21. 21. Chapter 2: Tide and estuary shape 43in a time lag between HW and HWS of around 30–45 min for a semi-diurnaltide. We also define the dimensionless Wave-type number: NE ¼ sin() whichdefines the wave type in an estuary. The Wave-type number is always betweenzero and unity. If it is close to unity the wave is a progressive wave and theestuary is a prismatic channel. If it is close to zero the wave is a standing waveand the estuary looks like a tidal embayment. Estuary shape being so importantin tidal hydraulics, the next section will elaborate the topography of alluvialestuaries.2.2 THE SHAPE OF ALLUVIAL ESTUARIES2.2.1 Classification on estuary shapeMany authors have used prismatic (constant width) channels to study tidalhydraulics and salt intrusion in estuaries. Here, we use a more general approachwhere we allow the cross section and the width to vary along the estuary axisaccording to exponential functions. The rate of longitudinal convergence is deter-mined by a length scale called the convergence length. A channel with constantcross section is a special type of estuary with an infinitely long convergence length. It was mostly for reasons of mathematical convenience that researchers usedprismatic channels, but there were also practical reasons. Many tests were done onthe basis of laboratory experiments and laboratory flumes are generally prismatic.Moreover, several real-life problems that early researchers had to analyzeconcerned man-made shipping access channels such as the Rotterdam Waterway,which has a constant cross section. A vast amount of literature on salt waterintrusion deals with prismatic channels. Until 1992, virtually all formulae thatexisted to determine the salt intrusion length had been derived for prismaticchannels. As will be shown in Chapter 5 these equations perform very poorly innatural estuaries. Few estuaries can be adequately described as having a prismatic channel.Therefore, throughout this book, use is made of a cross-sectional area that variesexponentially with the distance. The justification of this assumption is presented inSection 2.2.2. Since the positive x-direction is chosen in upstream direction, theformula reads: x A ¼ A0 exp À ð2:38Þ awhere A0 is the cross-sectional area at x ¼ 0. The parameter a is defined as the cross-sectional convergence length (a is the distance from the mouth at which thetangent through the point (0, A0) intersects the x-axis). Similarly the assumptionthat the width varies exponentially yields the equation: x B ¼ B0 exp À ð2:39Þ b
  22. 22. 44 Salinity and Tides in Alluvial Estuaries a) b) GentFigure 2.6 Sketch of the Schelde (a) and Incomati (b) estuaries.where the coefficient b is the width convergence length. Combination of Equation2.38 with 2.39 leads to an expression for the depth: xða À bÞ h ¼ h0 exp ð2:40Þ abIt follows from Equation 2.40 that, if a is larger than b, the depth increasesexponentially; if a is less than b, the depth decreases exponentially. If a and b differsubstantially an unrealistic situation is reached. As we shall see further on, in realestuaries the convergence lengths do not differ much. In the special case where thetwo convergence lengths are equal, a ¼ b, the depth is constant along the estuary:h ¼ h0. Figure 2.6 shows a sketch of two estuaries that we shall use for illustrationpurposes in the text: The Schelde in Belgium and The Netherlands, and theIncomati in Mozambique. Figures 2.7 and 2.8 show the geometry of these estuariesof which measurements of A, B, and h are available, plotted on a semi-log scale.The individual marks of the depth are based on scattered point observations wheresoundings were made during salt measurements. They do not reflect the averagedepth. The observations of the cross-sectional area are the result of a completeecho-sounding. It can be clearly seen that the trends in cross-sectional area andthe width conform very neatly with Equations 2.38 and 2.39. The Incomati hasan inflection in its shape 14 km from its mouth, while the Schelde becomesmore shallow at 110 km where several tributaries branch off. In spite of these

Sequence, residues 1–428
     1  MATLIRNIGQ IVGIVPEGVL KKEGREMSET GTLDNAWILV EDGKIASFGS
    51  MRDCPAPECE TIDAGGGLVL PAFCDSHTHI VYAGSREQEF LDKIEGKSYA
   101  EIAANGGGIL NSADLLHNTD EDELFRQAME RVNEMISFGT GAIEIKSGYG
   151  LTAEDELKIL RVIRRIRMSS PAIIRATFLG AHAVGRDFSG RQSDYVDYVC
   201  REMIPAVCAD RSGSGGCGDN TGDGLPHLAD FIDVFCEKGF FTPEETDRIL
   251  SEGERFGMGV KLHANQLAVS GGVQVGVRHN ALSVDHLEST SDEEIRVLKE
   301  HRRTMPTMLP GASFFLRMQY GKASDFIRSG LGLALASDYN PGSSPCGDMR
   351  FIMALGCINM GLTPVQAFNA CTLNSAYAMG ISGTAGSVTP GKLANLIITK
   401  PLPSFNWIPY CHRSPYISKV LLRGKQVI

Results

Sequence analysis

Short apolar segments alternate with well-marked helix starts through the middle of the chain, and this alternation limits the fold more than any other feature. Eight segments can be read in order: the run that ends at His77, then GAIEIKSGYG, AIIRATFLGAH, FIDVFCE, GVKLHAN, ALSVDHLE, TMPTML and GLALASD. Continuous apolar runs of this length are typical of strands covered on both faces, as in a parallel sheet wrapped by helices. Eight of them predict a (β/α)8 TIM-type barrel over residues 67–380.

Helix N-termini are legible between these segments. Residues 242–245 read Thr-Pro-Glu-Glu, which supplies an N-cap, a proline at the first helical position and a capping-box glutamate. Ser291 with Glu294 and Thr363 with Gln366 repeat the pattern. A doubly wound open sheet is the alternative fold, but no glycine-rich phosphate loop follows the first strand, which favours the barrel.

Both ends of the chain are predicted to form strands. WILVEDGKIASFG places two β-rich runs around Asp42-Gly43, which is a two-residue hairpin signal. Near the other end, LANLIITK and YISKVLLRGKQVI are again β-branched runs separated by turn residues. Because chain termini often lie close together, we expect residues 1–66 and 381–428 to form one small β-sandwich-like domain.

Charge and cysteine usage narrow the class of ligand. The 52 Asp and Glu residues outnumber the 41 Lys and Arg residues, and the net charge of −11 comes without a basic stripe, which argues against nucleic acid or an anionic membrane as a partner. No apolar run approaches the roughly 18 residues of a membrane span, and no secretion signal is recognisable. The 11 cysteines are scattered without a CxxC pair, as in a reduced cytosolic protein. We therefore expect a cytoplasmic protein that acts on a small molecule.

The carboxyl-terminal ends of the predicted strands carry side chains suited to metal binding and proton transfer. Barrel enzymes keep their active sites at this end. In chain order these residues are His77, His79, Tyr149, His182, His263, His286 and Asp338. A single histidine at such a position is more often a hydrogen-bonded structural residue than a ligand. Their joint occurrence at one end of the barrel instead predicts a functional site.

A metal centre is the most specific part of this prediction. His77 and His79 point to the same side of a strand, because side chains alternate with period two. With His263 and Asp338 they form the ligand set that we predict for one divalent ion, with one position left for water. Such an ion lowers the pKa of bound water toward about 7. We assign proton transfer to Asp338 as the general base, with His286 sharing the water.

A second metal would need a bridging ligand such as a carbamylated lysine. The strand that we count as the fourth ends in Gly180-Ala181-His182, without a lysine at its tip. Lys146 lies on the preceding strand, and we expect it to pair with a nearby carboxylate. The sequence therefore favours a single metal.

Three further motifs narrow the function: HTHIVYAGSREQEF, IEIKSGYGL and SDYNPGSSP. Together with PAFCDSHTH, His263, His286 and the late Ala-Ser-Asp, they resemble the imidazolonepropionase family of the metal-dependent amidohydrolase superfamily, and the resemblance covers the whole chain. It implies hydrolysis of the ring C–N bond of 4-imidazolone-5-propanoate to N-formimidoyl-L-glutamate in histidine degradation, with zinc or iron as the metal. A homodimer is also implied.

23. 23. Chapter 2: Tide and estuary shape 45 1000000 100000 10000 A B 1000 h 100 10 1 0 20 40 60 80 100 120 140 160 180 200 kmFigure 2.7 Semi-logarithmic plot of the geometry of the Schelde estuary: A is the cross-sectional area in m2, B is the width in m, h is the cross-sectional average depth in m. 10000 1000 100 A B h 10 1 0,1 0 10 20 30 40 50 60 70 80 kmFigure 2.8 Semi-logarithmic plot of the geometry of the Incomati estuary: A is the cross-sectional area in m2, B is the width in m, h is the cross-sectional average depth in m.irregularities, the geometry can be described very well by Equations 2.38–2.40. Alsoit appears that a and b are almost, or exactly equal. The question is: what are thefactors determining estuary shape? The shape of estuaries depends on several factors such as: tidal movement. Both the vertical and horizontal displacements. The main variable determining the downstream boundary condition for tidal movement is the tidal range H, a good indicator for the strength of the tidal movement.